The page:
Photo Quadrat scoring blitz

Photoquadrats have been providing valuable insight into the benthic habitat at Reef Life Survey sites over the Australian continent and beyond. With more time and resources, a dedicated group of 4 RLS divers, dubbed the “PQ Blitz”, were able to analyse RLS photoquadrats finishing off scoring 588 surveys. Our amazing RLS team have now scored images for over 4000 surveys. Our experienced RLS team have a keen eye for detail and thought it would be beneficial to share some insight on how we analyse the PQs and what aspects of image quality we can focus on when taking and processing images to send in.
By Lizzie Oh
November 19, 2021
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Photoquadrats, that part of the RLS survey easy to discount, have been providing valuable insight into the benthic habitat at Reef Life Survey sites over the Australian continent and beyond. Many RLS divers may not know, but over the last two years we’ve had more time and resources to dedicate to the analysis of RLS photoquadrats, scoring images for over 4000 more surveys and publishing findings in State of the Environment reports, scientific journals, and the Reef Life Explorer.  Detecting differences over time in the composition of benthic biota at RLS sites, from high latitude kelp beds to tropical coral reefs, and coupling this with the RLS fish and invertebrate data is revealing new understanding to how reefs are changing at continental scales.

Recently some funding was dedicated towards a short intensive photoquadrat scoring effort, dubbed the “PQ Blitz”. With the help of 4 ongoing Reef Life Survey divers we finished off scoring 588 surveys. The advantage of having experienced RLS divers was multi-faceted. It was apparent quickly that knowledge of the RLS sites and survey methods was beneficial. Divers had a keen eye for detail, motivation to produce quality data, and worked well in a collaborative team fashion. Even better participants increased their knowledge of the habitats they dive in, and were able to provide some valuable feedback. One suggestion was that it would be beneficial to share some insight with the RLS diver community on how we analyse the PQs and what aspects of image quality we can focus on when taking and processing images to send in.

For the past two years, all the photoquadrats images sent in and successfully matched up with their corresponding surveyID have been publicly available on an online platform called Squidle+ This is over 220,000 images for over 10,000 RLS surveys. Anyone can access and analyse the images, although we encourage getting in contact for any analysis, because we’ve defined a standard process for scoring RLS photoquadrats that is mutually beneficial to utilise. The quality of data produced, and time taken to do so is optimised by having great images to work with. So, if you’ve ever wondered about the finer points to consider when taking a great photoquadrat, read on.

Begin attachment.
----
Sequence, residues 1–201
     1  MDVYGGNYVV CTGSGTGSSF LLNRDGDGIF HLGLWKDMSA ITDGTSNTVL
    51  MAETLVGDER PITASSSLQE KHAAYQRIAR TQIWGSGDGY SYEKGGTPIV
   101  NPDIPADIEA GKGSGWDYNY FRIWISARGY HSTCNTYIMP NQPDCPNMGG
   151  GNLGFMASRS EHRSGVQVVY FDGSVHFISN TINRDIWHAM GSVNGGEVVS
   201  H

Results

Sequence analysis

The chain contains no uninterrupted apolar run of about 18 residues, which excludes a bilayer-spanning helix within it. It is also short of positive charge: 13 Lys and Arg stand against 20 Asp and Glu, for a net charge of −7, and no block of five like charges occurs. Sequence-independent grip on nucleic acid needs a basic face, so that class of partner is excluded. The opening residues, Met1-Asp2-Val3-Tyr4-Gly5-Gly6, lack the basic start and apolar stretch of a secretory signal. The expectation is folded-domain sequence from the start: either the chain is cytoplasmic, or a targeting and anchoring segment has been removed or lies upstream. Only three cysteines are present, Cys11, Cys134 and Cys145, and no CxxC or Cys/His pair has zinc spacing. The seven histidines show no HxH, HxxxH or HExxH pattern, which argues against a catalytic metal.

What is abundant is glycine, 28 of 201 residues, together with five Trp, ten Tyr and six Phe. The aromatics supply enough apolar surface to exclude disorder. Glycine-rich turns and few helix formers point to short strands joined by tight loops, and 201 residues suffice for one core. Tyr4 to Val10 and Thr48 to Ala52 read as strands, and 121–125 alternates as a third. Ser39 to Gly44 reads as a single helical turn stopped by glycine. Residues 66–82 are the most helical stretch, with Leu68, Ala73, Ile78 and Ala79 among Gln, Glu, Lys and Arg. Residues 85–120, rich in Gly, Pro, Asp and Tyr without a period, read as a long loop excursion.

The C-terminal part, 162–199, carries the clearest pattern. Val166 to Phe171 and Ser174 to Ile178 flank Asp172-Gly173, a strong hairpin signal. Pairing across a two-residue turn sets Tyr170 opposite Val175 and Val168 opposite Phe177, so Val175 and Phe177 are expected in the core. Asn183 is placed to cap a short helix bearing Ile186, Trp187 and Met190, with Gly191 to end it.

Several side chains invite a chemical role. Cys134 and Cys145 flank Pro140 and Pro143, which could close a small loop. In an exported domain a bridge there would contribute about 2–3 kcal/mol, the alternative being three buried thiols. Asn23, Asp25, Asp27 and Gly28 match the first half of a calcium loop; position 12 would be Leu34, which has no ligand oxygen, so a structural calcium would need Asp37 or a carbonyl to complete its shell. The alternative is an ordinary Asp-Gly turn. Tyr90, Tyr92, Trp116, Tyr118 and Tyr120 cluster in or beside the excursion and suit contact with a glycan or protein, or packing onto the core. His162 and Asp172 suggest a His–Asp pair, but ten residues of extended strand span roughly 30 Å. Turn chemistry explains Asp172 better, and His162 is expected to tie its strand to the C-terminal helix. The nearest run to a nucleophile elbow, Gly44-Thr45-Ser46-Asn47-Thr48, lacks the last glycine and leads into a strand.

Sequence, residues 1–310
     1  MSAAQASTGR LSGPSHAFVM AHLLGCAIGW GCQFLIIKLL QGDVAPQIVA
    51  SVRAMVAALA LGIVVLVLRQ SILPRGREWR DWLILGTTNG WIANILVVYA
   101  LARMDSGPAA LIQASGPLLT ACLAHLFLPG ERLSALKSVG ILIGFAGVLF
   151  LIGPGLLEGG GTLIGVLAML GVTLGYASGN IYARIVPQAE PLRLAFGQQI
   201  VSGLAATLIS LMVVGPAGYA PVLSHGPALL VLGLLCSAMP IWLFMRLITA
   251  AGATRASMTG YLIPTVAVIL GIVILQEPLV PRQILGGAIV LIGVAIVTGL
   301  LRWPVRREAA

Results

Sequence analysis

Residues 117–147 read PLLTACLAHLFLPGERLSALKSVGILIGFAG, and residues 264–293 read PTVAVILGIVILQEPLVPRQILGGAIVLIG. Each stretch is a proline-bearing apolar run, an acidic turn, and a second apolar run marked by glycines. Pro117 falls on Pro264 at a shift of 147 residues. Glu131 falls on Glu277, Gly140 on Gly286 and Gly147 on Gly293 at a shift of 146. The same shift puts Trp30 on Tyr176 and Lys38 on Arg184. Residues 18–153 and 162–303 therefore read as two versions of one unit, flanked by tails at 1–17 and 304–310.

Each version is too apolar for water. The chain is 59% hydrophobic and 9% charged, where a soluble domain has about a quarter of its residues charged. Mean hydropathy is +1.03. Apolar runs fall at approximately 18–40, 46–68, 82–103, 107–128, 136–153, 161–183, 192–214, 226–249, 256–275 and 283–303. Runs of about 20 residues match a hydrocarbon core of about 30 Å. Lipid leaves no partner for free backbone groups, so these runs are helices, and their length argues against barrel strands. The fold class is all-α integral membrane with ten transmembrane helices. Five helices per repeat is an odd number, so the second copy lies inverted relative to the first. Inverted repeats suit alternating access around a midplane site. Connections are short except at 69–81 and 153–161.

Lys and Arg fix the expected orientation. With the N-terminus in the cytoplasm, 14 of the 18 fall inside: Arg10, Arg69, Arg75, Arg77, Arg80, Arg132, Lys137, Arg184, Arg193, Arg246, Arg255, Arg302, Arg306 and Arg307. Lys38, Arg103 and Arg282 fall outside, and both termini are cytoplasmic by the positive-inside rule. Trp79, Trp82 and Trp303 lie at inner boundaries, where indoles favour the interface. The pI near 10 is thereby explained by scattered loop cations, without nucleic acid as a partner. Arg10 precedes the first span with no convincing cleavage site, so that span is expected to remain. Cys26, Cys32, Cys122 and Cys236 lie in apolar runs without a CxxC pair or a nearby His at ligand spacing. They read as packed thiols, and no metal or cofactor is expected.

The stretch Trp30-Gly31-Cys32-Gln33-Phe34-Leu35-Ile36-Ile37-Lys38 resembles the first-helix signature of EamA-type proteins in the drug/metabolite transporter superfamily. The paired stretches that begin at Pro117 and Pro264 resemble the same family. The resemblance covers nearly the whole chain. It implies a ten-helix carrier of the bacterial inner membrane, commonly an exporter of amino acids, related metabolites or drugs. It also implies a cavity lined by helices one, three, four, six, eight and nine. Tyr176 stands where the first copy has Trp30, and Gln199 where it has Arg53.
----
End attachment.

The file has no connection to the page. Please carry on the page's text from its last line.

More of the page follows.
Example of a photoquadrat that has issues with colour, scale and fisheye lens, which hampers analysis, and a better example of the right.

We know all too well the challenges how underwater time constraints and poor conditions such as swell and visibility can hamper the process of taking a perfect set of photoquadrats, yet there are some things we can aim to do relatively consistently that really help in the analysis process.

· Transect placement. When revisiting RLS sites which are surveyed each year, aim to survey the same depth contour and position as previous years, so that changes in habitat cover can be detected more meaningfully.

· Colour balance. Using a strobe or flash where necessary can help with colour balance. This is one of the attributes we cannot tweak in Squidle+, and colour, particularly distinguishing between red, green and brown can be very helpful when identifying types of algae or encrusting biota. On the other hand too much flash can produce glare.

· Wide angle or fisheye lens’ can make analyses difficult. During scoring, a grid of points is overlaid on each image and the feature that each point overlays is assessed and allocated a label. Wide angle and fisheye lens can distort the outer regions of the image, meaning points there are difficult to assess, or have to be moved which slows the scoring process.

· Scale: This can be a tricky one, especially when the transect tape is not sitting flush with the reef surface, however, do your best to encompass an area of 0.3 m by 0.3m with the camera about 50cm above the seabed. Some feedback we gained is that the transect tape doesn’t need to be in the photo itself even though its helpful to use it as a reference when scaling your photo. In fact sometimes points have to be moved away when they “land” on the transect tape in an image, so if including it try composing your photo so that it’s close to the edge. This will also avoid the camera focusing on it instead of the reef or unwanted refraction/glare from the whit side on the tape.

· Resolution: Consider that we are interested in everything from canopy to encrusting biota. It is often hard to get the reef surface in focus when being pushed around by swell or current but that is often where the trickiest part of scoring is.

More photos

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